These budding events lead to primary enveloped virus particles in the perinuclear space. The primary envelope is lost by fusion with the outer nuclear membrane. By this process the capsid is released into the cytoplasm. The different morphological features that can be postulated from this chain of events have been found by electron microscopy (reviewed in Mettenleiter, 2004; Buser et al., 2007a). The subsequent events are much less clear. The partially tegumented nucleocapsid has to complete its tegument and reach the site of secondary envelopment (Sanchez et al., 2000), which in case of HCMV is a juxtanuclear region in the cytoplasm often referred to as viral assembly complex (AC). The AC appears to be an organized structure containing early endosomes within its centre bordered by trans- and cis-Golgi membrane structures (Das et al., 2007). The formation of the AC during HCMV infection is characterized by the reorganization of the Golgi structure and endosomes and involves their relocalization, expansion and possibly the establishment of novel membrane compartments (Das and Pellett, 2011). Consistent with the view that it represents the site of secondary envelopment, many structural viral proteins as well as capsids accumulate at the AC. After secondary envelopment at a cytoplasmic vesicle the enveloped virion is located within a vesicle which can fuse with the plasma membrane to release the virion from the host cell. It is quite obvious that the detailed understanding of viral and cellular proteins and their interactions involved in HCMV morphogenesis could also help to define new targets for antiviral intervention and later on antiviral drug development.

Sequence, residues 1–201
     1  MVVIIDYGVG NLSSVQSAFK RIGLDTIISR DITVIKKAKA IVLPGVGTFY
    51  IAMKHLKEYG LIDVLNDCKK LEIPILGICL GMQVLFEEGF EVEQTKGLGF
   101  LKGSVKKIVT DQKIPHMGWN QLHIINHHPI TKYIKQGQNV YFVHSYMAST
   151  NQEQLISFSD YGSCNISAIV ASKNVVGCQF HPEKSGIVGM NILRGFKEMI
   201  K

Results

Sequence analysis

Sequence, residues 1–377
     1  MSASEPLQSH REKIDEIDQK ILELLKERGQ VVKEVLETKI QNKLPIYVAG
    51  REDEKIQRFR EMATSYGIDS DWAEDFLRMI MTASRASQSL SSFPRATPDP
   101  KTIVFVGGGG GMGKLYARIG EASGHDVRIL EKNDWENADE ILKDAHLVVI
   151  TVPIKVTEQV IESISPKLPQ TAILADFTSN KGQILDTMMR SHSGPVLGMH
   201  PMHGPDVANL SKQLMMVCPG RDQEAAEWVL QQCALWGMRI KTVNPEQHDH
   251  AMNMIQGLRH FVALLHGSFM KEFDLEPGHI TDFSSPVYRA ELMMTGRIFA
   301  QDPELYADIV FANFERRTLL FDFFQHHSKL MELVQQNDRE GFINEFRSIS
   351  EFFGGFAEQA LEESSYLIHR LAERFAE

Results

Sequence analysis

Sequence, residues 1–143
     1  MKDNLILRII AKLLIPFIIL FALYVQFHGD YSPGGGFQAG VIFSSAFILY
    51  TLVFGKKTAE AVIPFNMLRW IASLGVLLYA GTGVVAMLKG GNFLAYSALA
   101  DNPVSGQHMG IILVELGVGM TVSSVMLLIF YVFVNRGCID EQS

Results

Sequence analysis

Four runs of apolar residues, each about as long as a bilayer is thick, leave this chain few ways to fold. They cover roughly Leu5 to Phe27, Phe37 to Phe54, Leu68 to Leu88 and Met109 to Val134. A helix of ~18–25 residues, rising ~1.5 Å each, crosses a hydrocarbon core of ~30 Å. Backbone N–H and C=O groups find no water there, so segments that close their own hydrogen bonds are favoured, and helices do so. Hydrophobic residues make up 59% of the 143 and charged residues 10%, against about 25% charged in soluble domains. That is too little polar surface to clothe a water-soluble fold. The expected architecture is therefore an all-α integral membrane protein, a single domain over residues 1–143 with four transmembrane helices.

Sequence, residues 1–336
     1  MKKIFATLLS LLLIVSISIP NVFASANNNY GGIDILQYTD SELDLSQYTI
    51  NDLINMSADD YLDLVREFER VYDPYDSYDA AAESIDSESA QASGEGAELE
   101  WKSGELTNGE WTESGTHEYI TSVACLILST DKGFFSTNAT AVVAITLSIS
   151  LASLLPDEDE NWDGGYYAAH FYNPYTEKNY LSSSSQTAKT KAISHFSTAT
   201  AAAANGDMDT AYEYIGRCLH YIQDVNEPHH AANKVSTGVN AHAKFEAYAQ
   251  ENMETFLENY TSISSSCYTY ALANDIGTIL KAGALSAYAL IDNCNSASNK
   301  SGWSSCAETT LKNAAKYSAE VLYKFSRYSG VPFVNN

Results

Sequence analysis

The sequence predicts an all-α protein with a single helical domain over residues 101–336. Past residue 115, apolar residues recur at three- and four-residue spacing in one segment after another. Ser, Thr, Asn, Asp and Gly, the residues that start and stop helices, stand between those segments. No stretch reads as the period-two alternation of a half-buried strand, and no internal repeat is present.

The first crucial step in processing living samples for EM analysis is fixation, providing the basis for high-quality images. Ideally, the processed sample investigated in EM reflects the actual situation found in the original material. This imposes particular requirements on the rapid fixation and optimal preservation of cellular structures without generating artefacts. Recent advances in sample preparation provide the basis to obtain better preservation of biological specimen in a defined physiological state (reviewed in McDonald and Auer, 2006). Chemical fixation has been widely used as standard fixation method. However, there are two major drawbacks using this method. First, the chemical agents influence and change the sample on the cellular and molecular levels during the fixation process, which also increases the risk of artefacts. Second, the fixation process is relatively slow and thus not suitable to visualize rapidly occurring intracellular events (Schwarz et al., 1992). The disadvantage of the slow fixation process in case of chemical fixation can be overcome by using cryofixation methods (Vanhecke et al., 2010). Cryofixation is a very rapid physical fixation method which leads to the arrest of physiological events within milliseconds (Studer et al., 1989; McDonald and Auer, 2006). This is favourable for the examination of dynamic processes like vesicle trafficking or virus envelopment. Cryofixation by high-pressure freezing provides significant advantages over chemical fixation (Moor and Riehle, 1968; Kaneko and Walther, 1995; Shimoni and Müller, 1998) and even other cryofixation methods (Studer et al., 1995; McDonald, 1999) since it allows for processing of relatively large samples (such as infected cells or small tissue pieces) up to a thickness of about 200 μm. Given the adequate specific equipment and expertise, cryofixation by high-pressure freezing minimizes the formation of ice crystals during the fixation process and thus of artefacts in the fixed cells (Walther and Ziegler, 2002). The combination of high-pressure freezing, freeze substitution and embedding in resin greatly enhances the structural preservation of membranes and allows to resolve single leaflets of lipid membrane bilayers (Walther and Ziegler, 2002). Furthermore, the limitation to visualize structures only in two dimensions has been mostly overcome by the implementation of methods like three-dimensional visualization after serial sectioning and EM tomography.